Catholic School in the 1950s was like Torquemada’s Inquisition with flush toilets and a cafeteria. It would spawn a generation of atheists, agnostics and Unitarians whose hatred for the Catholic Church verged on madness. I am one such.
Today’s brand of Catholicism is positively cheery in comparison. Except for the pedophilia.
I entered Catholic school in second grade, after a pretty happy two years in public school. In short order, I was introduced to nuns, priests, sin, confession, crucifixes, holy water and my teacher, Sister Ludmilla. She could whirl from the blackboard, and with astonishing speed, nail a nefarious seven-year-old at the back of the room in the head with an eraser. And so began the saga of my disbelief.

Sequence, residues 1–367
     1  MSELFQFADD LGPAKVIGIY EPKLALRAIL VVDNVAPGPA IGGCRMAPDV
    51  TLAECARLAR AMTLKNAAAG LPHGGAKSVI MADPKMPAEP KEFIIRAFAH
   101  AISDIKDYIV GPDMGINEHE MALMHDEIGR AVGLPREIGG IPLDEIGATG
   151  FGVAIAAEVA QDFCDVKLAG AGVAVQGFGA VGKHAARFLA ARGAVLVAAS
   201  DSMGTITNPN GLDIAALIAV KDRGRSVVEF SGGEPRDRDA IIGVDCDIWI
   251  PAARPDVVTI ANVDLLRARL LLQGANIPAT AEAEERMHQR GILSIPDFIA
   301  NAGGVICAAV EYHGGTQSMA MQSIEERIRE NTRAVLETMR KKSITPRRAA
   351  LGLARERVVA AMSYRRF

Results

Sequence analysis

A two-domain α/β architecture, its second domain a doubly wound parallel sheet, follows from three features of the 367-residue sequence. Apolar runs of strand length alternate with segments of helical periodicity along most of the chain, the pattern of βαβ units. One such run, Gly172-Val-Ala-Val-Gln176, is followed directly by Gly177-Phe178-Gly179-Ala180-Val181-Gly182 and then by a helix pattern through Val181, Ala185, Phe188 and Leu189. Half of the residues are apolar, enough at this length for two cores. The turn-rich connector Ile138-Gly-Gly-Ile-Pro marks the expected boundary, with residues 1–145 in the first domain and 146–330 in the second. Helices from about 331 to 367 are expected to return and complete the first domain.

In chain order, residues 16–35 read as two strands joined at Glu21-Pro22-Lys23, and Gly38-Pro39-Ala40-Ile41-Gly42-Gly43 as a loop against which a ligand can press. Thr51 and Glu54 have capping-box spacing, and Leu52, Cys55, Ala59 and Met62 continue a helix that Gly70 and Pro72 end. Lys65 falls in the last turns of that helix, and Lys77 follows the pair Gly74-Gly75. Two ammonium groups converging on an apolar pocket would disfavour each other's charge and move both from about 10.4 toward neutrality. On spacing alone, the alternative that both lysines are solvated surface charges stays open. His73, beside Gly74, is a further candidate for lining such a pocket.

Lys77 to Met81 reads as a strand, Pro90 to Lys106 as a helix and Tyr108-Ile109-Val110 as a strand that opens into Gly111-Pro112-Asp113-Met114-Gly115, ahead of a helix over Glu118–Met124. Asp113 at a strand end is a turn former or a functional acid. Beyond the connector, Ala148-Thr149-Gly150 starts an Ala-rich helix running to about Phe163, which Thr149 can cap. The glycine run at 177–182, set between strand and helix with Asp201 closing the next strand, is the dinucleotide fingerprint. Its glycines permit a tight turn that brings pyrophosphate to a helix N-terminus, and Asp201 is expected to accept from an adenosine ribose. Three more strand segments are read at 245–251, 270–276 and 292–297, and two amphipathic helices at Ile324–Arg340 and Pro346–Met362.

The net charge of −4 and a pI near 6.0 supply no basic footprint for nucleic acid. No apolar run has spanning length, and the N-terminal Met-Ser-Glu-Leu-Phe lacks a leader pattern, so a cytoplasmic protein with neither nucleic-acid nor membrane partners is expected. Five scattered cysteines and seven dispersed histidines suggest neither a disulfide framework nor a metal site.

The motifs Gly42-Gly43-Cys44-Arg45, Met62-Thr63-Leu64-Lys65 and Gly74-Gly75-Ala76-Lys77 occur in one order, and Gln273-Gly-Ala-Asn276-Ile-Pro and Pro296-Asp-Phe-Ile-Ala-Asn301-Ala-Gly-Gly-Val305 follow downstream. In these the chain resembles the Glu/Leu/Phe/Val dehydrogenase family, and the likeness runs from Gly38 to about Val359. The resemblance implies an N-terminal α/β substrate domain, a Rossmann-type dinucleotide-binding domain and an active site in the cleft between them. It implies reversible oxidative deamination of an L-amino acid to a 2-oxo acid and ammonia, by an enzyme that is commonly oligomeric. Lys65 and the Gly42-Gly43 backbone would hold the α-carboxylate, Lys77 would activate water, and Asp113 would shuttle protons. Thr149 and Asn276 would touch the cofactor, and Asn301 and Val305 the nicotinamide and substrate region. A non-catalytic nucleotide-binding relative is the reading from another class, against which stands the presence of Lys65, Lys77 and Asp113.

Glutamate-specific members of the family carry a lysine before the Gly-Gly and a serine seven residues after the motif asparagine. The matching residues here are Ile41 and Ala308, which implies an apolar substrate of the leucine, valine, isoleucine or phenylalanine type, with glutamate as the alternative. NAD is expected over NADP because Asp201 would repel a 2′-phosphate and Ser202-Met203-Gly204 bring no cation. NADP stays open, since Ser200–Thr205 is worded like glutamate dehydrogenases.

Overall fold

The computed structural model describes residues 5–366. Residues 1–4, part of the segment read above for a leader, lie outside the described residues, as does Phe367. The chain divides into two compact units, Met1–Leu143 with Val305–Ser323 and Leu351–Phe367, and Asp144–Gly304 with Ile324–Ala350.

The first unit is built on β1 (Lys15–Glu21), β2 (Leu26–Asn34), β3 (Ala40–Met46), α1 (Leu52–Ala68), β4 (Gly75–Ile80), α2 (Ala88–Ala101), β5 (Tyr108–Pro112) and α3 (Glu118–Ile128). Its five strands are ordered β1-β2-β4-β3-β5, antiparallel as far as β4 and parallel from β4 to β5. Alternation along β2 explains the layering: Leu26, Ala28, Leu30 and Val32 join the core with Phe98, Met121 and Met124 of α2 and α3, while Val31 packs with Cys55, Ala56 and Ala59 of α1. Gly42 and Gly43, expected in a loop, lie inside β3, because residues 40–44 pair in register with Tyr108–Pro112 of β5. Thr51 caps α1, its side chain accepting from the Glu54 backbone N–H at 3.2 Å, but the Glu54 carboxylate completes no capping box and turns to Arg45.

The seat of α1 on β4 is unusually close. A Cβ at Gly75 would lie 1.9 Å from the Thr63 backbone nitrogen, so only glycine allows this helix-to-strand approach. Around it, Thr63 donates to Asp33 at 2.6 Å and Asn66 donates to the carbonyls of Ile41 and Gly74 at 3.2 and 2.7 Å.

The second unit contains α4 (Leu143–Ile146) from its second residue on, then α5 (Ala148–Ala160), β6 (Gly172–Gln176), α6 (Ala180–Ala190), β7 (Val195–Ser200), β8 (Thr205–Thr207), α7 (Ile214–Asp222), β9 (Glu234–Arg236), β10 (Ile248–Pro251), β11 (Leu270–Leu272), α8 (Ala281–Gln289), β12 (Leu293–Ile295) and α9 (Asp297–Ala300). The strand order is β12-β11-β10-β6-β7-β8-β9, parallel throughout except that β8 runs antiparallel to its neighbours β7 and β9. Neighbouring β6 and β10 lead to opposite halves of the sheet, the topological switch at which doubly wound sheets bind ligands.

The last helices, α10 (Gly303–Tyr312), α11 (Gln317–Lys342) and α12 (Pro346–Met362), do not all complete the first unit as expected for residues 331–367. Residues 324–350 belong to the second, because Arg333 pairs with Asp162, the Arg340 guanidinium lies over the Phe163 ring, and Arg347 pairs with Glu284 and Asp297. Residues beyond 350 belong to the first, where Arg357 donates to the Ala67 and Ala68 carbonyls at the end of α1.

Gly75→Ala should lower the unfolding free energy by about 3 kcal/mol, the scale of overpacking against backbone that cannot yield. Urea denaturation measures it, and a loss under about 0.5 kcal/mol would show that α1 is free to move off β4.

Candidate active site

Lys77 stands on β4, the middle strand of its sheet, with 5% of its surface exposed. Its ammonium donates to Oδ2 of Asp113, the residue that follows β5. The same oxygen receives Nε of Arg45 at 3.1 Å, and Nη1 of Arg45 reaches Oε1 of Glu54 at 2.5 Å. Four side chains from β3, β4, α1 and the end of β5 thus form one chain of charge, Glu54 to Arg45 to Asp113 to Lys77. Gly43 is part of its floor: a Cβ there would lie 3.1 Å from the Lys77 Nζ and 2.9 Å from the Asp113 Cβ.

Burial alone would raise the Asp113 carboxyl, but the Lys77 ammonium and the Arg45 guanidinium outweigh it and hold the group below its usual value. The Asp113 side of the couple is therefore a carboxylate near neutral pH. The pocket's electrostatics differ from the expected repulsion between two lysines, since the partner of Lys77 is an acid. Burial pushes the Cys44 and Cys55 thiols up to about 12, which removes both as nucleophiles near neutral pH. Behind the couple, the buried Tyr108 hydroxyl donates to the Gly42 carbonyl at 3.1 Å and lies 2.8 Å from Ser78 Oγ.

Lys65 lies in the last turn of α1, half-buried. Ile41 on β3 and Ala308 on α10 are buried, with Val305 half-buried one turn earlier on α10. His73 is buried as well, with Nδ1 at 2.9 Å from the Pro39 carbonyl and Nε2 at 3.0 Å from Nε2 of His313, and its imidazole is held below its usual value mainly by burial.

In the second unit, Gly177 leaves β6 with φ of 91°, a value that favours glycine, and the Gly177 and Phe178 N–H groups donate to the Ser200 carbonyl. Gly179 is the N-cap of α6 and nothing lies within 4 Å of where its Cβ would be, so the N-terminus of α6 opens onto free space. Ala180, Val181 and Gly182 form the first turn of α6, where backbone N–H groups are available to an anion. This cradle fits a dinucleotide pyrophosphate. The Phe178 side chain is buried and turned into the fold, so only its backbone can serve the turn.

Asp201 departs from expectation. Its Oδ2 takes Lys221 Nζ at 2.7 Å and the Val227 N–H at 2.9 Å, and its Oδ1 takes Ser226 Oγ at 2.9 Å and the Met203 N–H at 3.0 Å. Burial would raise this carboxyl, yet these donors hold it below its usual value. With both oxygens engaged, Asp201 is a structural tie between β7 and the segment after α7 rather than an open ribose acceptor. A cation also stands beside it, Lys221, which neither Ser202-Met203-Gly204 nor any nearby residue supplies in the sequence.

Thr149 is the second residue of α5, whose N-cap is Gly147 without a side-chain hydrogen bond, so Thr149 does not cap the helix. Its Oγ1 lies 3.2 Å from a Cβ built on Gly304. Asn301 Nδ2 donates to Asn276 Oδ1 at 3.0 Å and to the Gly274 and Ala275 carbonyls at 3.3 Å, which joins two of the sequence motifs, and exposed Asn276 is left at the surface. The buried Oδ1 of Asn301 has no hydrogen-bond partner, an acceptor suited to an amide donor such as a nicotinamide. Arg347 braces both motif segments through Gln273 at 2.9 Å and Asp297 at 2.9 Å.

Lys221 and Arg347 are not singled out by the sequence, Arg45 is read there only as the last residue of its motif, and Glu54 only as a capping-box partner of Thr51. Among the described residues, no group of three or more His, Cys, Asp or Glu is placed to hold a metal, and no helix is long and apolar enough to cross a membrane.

Our schooldays included Mass, morning prayers, catechism, bible history, corporal punishment, the instilling of fear, pagan babies,and the belief in transubstantiation (Google it. You won’t be able to swallow it, either.)
I tried to believe. I really, really tried. For a long time, too.
But I already had a predisposition to the notion of sin and guilt. Me and Catholicism merged to produce an OCD, very sick young woman.
In the end, it was a shootout between me and the Vatican. True, it’s still standing. But I’m mentally sound, and it’s still sick. Talk about “jesus wept.”